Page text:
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The Scientific Paper a Sugar Industry Group Commissioned for $50,000

The paper was part of a decades-long industry effort to maintain scientific uncertainty about the health consequences of eating too much sugar.
Photo of a person's hand, holding a spoonful of sugar

What’s a favorable scientific finding worth? Almost $50,000, apparently. That’s how much the Sugar Research Foundation, an industry-organized group, paid Harvard University scientists in 1965 to write a review of existing studies about the effects of eating fat and sugar on people’s cholesterol and triglyceride levels. (The fee in 1965 dollars was $6,500.) The review, which a Sugar Research Foundation representative read drafts of before publication, concluded that, to avoid heart disease, people should eat less saturated fat and cholesterol — but didn’t make the same recommendation for sugar. It was published in one of the nation’s leading journals, the New England Journal of Medicine.

The review was a part of a decades-long industry effort to maintain scientific uncertainty around whether eating too much sugar causes diabetes and heart disease. In Pacific Standard’s January/February 2016 issue, I wrote about the work of Cristin Kearns, an archives researcher at the University of California–San Francisco, to piece together that history. The $50,000 review is her latest finding.

The commission was paid and the paper published long ago, but Americans are still feeling the consequences today. The lingering scientific questions around sugar and health are why doctors and standards, such as the Dietary Guidelines for Americans, only began recommending a hard cap on how much added sugar people should eat last year. In contrast, recommended limits have long existed for fat, cholesterol, salt, and other nutrients. Meanwhile, the evidence is growing that eating sugar does indeed contribute to heart disease, although the Sugar Association — the modern-day name of the Sugar Research Foundation — disagrees. “The last several decades of research have concluded that sugar does not have a unique role in heart disease,” a statement on the association’s website reads.

“Systematic reviews are highly influential in policymaking.”

The 1965 review appeared in a prestigious, peer-reviewed journal—a distinction that many of the other sugar papers Kearns has analyzed lack. (The journal did not mention the paper’s funding source, which most journals did not begin requiring of authors until the mid-1980s.) The work was supposed to have been checked for quality. Yet Kearns and her team found numerous, subtle problems with the way Harvard nutritionists Robert McGandy, Mark Hegsted, and Fred Stare, all now deceased, conducted the review. For one thing, they “tore apart” studies that linked eating too much sugar with coronary heart disease. But the papers showing that eating less fat led to better cholesterol levels? “It’s like they gave the fat studies a free pass,” Kearns says.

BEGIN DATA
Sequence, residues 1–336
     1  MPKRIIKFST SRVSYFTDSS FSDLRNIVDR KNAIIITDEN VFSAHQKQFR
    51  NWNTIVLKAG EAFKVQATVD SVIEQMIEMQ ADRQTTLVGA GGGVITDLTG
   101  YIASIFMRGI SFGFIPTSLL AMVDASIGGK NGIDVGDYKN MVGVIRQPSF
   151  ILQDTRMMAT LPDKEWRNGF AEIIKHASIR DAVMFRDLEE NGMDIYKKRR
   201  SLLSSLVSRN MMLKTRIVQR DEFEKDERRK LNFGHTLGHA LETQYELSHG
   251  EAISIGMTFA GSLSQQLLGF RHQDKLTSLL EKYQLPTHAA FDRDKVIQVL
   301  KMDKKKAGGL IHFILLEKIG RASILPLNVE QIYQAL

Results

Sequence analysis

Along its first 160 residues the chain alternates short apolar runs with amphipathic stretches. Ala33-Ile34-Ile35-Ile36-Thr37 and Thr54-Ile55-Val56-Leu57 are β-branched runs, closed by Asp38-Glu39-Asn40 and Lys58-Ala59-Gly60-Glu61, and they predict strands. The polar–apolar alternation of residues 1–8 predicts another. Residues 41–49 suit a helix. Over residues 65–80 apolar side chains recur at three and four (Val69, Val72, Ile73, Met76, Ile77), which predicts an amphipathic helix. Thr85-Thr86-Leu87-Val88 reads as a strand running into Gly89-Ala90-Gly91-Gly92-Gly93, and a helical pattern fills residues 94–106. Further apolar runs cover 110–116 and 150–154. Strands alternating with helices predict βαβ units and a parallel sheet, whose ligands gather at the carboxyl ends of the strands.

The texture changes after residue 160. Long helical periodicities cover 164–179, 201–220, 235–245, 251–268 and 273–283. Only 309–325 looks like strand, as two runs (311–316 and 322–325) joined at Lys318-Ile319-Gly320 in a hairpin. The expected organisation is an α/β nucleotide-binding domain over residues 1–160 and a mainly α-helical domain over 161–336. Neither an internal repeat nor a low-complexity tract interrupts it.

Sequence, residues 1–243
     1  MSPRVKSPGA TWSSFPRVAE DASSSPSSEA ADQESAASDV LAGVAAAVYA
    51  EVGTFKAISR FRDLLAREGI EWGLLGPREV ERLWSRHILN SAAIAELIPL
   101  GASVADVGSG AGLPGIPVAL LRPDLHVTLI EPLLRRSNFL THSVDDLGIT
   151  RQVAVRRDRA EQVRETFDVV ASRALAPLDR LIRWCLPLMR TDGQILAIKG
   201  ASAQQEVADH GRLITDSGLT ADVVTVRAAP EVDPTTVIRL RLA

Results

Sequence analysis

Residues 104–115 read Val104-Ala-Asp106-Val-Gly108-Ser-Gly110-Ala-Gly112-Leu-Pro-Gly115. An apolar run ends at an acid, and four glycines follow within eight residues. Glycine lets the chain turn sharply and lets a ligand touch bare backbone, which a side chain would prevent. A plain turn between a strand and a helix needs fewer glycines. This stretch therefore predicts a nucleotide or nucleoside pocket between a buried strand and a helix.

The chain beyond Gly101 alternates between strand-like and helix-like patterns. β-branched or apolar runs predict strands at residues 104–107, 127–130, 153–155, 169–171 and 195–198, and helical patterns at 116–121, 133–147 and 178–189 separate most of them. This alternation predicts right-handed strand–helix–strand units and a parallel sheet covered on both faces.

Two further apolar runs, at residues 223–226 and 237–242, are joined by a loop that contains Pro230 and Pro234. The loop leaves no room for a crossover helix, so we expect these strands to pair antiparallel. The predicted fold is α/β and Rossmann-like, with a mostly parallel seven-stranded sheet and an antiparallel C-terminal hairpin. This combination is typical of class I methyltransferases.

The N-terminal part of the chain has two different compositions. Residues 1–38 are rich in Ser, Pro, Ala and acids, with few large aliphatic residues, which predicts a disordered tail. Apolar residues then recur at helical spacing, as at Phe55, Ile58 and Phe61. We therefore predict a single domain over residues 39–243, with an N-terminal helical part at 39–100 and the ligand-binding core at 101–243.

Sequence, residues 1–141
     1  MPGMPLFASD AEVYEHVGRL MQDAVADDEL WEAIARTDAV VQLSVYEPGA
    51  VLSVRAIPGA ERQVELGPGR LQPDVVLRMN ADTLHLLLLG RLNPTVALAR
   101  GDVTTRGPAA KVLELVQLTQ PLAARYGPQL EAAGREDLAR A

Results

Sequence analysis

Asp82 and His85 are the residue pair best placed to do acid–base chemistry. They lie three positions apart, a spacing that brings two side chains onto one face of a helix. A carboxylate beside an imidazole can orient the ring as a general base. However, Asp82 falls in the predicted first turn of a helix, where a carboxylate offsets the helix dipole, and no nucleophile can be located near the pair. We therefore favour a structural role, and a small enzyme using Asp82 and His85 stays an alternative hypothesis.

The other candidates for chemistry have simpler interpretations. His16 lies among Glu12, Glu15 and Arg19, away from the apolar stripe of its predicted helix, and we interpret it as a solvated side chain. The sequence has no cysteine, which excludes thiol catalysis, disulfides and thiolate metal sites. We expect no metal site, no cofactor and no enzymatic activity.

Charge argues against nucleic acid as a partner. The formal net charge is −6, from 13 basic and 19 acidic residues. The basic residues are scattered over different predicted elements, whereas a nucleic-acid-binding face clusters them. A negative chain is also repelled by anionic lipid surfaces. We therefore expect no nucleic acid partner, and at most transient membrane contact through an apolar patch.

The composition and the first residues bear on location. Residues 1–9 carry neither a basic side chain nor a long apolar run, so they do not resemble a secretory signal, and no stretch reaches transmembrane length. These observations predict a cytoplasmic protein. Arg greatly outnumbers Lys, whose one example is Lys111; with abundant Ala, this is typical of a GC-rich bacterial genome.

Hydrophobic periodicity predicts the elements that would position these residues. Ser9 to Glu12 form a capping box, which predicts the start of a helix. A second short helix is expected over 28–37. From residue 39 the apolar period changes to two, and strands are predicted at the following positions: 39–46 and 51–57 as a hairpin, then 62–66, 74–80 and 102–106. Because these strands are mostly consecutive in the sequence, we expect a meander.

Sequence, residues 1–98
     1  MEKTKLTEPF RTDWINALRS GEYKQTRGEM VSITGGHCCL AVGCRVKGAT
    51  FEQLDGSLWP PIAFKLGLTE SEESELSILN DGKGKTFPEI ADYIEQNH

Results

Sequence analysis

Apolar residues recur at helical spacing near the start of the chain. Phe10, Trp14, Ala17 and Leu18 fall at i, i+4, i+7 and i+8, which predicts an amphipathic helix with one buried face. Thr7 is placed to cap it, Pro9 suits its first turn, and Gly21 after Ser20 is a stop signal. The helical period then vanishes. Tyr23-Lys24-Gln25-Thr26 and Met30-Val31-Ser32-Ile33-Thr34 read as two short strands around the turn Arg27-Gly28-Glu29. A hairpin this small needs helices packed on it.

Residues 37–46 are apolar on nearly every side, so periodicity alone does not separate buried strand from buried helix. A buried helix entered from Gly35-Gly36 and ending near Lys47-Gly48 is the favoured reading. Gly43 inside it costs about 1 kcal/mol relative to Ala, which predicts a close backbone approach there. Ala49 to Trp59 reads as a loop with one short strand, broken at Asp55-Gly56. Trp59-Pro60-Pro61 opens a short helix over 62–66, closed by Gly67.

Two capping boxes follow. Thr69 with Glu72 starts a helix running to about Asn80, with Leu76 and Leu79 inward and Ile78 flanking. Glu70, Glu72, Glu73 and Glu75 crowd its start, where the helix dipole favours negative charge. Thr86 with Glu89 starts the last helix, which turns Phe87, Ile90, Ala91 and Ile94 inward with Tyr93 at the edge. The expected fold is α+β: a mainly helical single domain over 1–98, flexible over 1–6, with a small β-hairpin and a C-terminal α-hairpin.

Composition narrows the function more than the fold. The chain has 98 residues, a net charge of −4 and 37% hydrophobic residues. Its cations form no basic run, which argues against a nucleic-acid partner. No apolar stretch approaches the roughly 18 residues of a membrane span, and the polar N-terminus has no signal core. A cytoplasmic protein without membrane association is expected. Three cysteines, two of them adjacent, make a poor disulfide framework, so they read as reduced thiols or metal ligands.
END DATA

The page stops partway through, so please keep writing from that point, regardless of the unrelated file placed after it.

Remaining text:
That amount of money—$50,000—may seem like a lot to pay to try to influence a single paper, but Kearns thinks the then-Sugar Research Foundation was right to expect it would be a reasonable investment if the review turned out in the foundation’s favor. “Systematic reviews are highly influential in policymaking,” she says. Because they offer an overview of many studies, reviews are supposed to be more reliable than single experiments, so guideline-makers often rely on them. In the end, the Sugar Research Foundation was happy with McGandy, Hegsted, and Stare’s work. In a letter to Hegsted, the foundation’s vice president, John Hickson, wrote, “Let me assure you this is quite what we had in mind and we look forward to its appearance in print.”

“We acknowledge that the Sugar Research Foundation should have exercised greater transparency in all of its research activities,” the Sugar Association says in a statement. “Beyond this, it is challenging for us to comment on events that allegedly occurred 60 years ago, and on documents we have never seen.”

As Kearns read through the 1965 New England Journal of Medicine sugar review, she found it reminded her of the famed 1964 Surgeon General’s report that declared smoking causes lung cancer and heart disease. “The way the evidence was being critiqued and collated was really similar,” she says. “I believe the industry was trying to get ahead of policymakers trying to define how the risks of sugar would be assessed.” It appears that, for many years, they succeeded.